None

Favorite Quote

Fine Folks

Bio Photo
Speakers Bureau Region State

New York

Birth Date

11/6/1970

Speakers Bureau Region City

New York

Country

Ethiopia

Favorite Food

Home Cooked Meal

Short Description

Chef and restaurateur Marcus Samuelsson (1970 - ) was the executive chef and partner of the Scandinavian restaurant Aquavit, and the owner of the Red Rooster Harlem in New York City.

Employment

Aquavit

Riingo

Red Rooster

FoodRepublic.com

Ginny's Supper Club

Umea University School of Restaurant and Culinary Arts

Kitchen & Table

Marcus Samuelsson Group

Favorite Color

Black

Timing Pairs
0,0:7072,144:7488,149:13104,222:21552,307:22533,319:24782,368:25270,378:29362,424:42972,560:44830,566:45294,571:49407,611:50276,630:50592,635:77360,851:78439,868:79850,890:97394,1101:102730,1144:109293,1232:109779,1239:110265,1247:111399,1269:121174,1405:124198,1471:130696,1585:133520,1627:136435,1686:146074,1826:152460,1913:155190,1976:155470,1981:155890,1988:156240,1994:161050,2060:161378,2065:164740,2124:167210,2130:167868,2138:171670,2262$0,0:7300,104:8100,114:8600,120:21540,231:33334,408:34302,422:41462,479:59420,718:63460,783:64692,801:66617,841:67387,861:68927,900:69543,916:69851,921:74240,973:80314,1050:81298,1069:81708,1075:83758,1118:91670,1239:93050,1251:94850,1294:96506,1331:99674,1413:117585,1582:119455,1640:119965,1661:121750,1858:134466,2065:134964,2072:145430,2199:148220,2238:155900,2361:156480,2367
DAStories

Tape: 1 Story: 1 - Slating of Marcus Samuelsson's interview

Tape: 1 Story: 2 - Marcus Samuelsson lists his favorites

Tape: 1 Story: 3 - Marcus Samuelsson describes his maternal family background

Tape: 1 Story: 4 - Marcus Samuelsson talks about his adoption, pt. 1

Tape: 1 Story: 5 - Marcus Samuelsson talks about his birth father

Tape: 1 Story: 6 - Marcus Samuelsson describes his relationship with his sister

Tape: 1 Story: 7 - Marcus Samuelsson describes his adoptive parents

Tape: 1 Story: 8 - Marcus Samuelsson describes his earliest childhood memory

Tape: 1 Story: 9 - Marcus Samuelsson remembers his childhood in Sweden

Tape: 2 Story: 1 - Marcus Samuelsson recalls his early understanding of race, pt. 1

Tape: 2 Story: 2 - Marcus Samuelsson talks about his adoption, pt. 2

Tape: 2 Story: 3 - Marcus Samuelsson describes the sights, sounds and smells of his childhood in Sweden

Tape: 2 Story: 4 - Marcus Samuelsson talks about his education in Sweden, pt. 1

Tape: 2 Story: 5 - Marcus Samuelsson describes his adoptive mother's parenting

Tape: 2 Story: 6 - Marcus Samuelsson remembers playing soccer in Sweden

Tape: 2 Story: 7 - Marcus Samuelsson describes his early appreciation of food culture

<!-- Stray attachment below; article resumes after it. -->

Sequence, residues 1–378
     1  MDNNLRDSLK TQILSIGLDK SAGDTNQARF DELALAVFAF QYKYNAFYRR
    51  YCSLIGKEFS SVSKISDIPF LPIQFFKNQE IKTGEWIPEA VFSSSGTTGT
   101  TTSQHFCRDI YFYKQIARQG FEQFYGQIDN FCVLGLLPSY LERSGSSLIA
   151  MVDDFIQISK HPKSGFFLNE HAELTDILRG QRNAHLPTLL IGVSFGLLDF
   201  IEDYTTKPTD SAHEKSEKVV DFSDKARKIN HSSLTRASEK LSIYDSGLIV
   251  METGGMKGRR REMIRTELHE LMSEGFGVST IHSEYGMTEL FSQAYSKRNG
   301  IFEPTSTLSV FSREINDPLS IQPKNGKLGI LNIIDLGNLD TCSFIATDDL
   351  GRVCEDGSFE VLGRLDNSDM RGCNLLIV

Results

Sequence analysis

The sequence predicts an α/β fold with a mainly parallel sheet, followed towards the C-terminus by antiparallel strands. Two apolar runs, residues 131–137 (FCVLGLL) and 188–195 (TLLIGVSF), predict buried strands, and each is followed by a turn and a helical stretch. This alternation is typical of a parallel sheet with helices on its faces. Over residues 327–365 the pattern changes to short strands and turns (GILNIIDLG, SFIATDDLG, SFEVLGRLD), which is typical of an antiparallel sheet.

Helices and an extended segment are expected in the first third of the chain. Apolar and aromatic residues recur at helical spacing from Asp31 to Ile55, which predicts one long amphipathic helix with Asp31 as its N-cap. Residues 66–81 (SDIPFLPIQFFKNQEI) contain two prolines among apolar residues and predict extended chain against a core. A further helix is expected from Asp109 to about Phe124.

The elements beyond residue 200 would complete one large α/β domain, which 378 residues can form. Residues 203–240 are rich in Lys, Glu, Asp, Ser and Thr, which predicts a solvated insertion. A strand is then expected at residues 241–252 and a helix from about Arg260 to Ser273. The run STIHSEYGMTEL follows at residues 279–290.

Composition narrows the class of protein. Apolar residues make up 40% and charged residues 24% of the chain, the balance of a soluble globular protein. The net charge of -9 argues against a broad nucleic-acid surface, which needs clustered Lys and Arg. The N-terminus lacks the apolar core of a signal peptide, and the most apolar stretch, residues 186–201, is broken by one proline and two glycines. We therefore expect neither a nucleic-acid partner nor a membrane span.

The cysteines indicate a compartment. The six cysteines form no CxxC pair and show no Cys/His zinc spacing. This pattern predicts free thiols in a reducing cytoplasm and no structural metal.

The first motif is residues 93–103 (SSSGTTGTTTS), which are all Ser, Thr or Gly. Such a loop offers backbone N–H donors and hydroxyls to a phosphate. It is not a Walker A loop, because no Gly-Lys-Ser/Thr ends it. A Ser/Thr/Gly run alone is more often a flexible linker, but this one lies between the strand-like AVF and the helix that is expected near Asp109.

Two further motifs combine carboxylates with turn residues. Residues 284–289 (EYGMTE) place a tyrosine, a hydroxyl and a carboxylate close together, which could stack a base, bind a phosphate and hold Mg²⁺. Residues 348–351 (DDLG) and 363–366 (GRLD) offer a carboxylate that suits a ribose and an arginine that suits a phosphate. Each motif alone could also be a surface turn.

Tape: 2 Story: 8 - Marcus Samuelsson talks about his education in Sweden, pt. 2

Tape: 2 Story: 9 - Marcus Samuelsson remembers changing his focus to the culinary arts

Tape: 2 Story: 10 - Marcus Samuelsson recalls his early understanding of race, pt. 2

Tape: 2 Story: 11 - Marcus Samuelsson talks about his work ethic

Tape: 3 Story: 1 - Marcus Samuelsson describes his home life in Sweden

Tape: 3 Story: 2 - Marcus Samuelsson talks about his adoptive upbringing

Tape: 3 Story: 3 - Marcus Samuelsson remembers applying for his first restaurant job

Tape: 3 Story: 4 - Marcus Samuelsson recalls working as a cook at the SAS Park Avenue Hotel in Gothenburg, Sweden

Tape: 3 Story: 5 - Marcus Samuelsson remembers the mentorship of his first employer

Tape: 3 Story: 6 - Marcus Samuelsson recalls his apprenticeship at the Victoria Jungfrau Grand Hotel and Spa in Interlaken, Switzerland, pt. 1

Tape: 3 Story: 7 - Marcus Samuelsson recalls his apprenticeship at the Victoria Jungfrau Grand Hotel and Spa in Interlaken, Switzerland, pt. 2

Tape: 4 Story: 1 - Marcus Samuelsson remembers the influence of Mayor David N. Dinkins' election

Tape: 4 Story: 2 - Marcus Samuelsson describes his challenges as a black aspiring chef in Europe

Tape: 4 Story: 3 - Marcus Samuelsson talks about his decision to focus on his career instead of his family

Tape: 4 Story: 4 - Marcus Samuelsson recalls being hired at Aquavit in New York City

Tape: 4 Story: 5 - Marcus Samuelsson remembers his arrival in New York City

Tape: 4 Story: 6 - Marcus Samuelsson recalls becoming the executive chef of Aquavit

Tape: 4 Story: 7 - Marcus Samuelsson remembers changing the menu at Aquavit

Tape: 4 Story: 8 - Marcus Samuelsson talks about the clientele of Aquavit

Tape: 5 Story: 1 - Marcus Samuelsson talks about the African American professional community in New York City

Tape: 5 Story: 2 - Marcus Samuelsson talks about Aquavit's three star rating in The New York Times

Tape: 5 Story: 3 - Marcus Samuelsson talks about his success in the culinary profession

Tape: 5 Story: 4 - Marcus Samuelsson remembers his adoptive father's death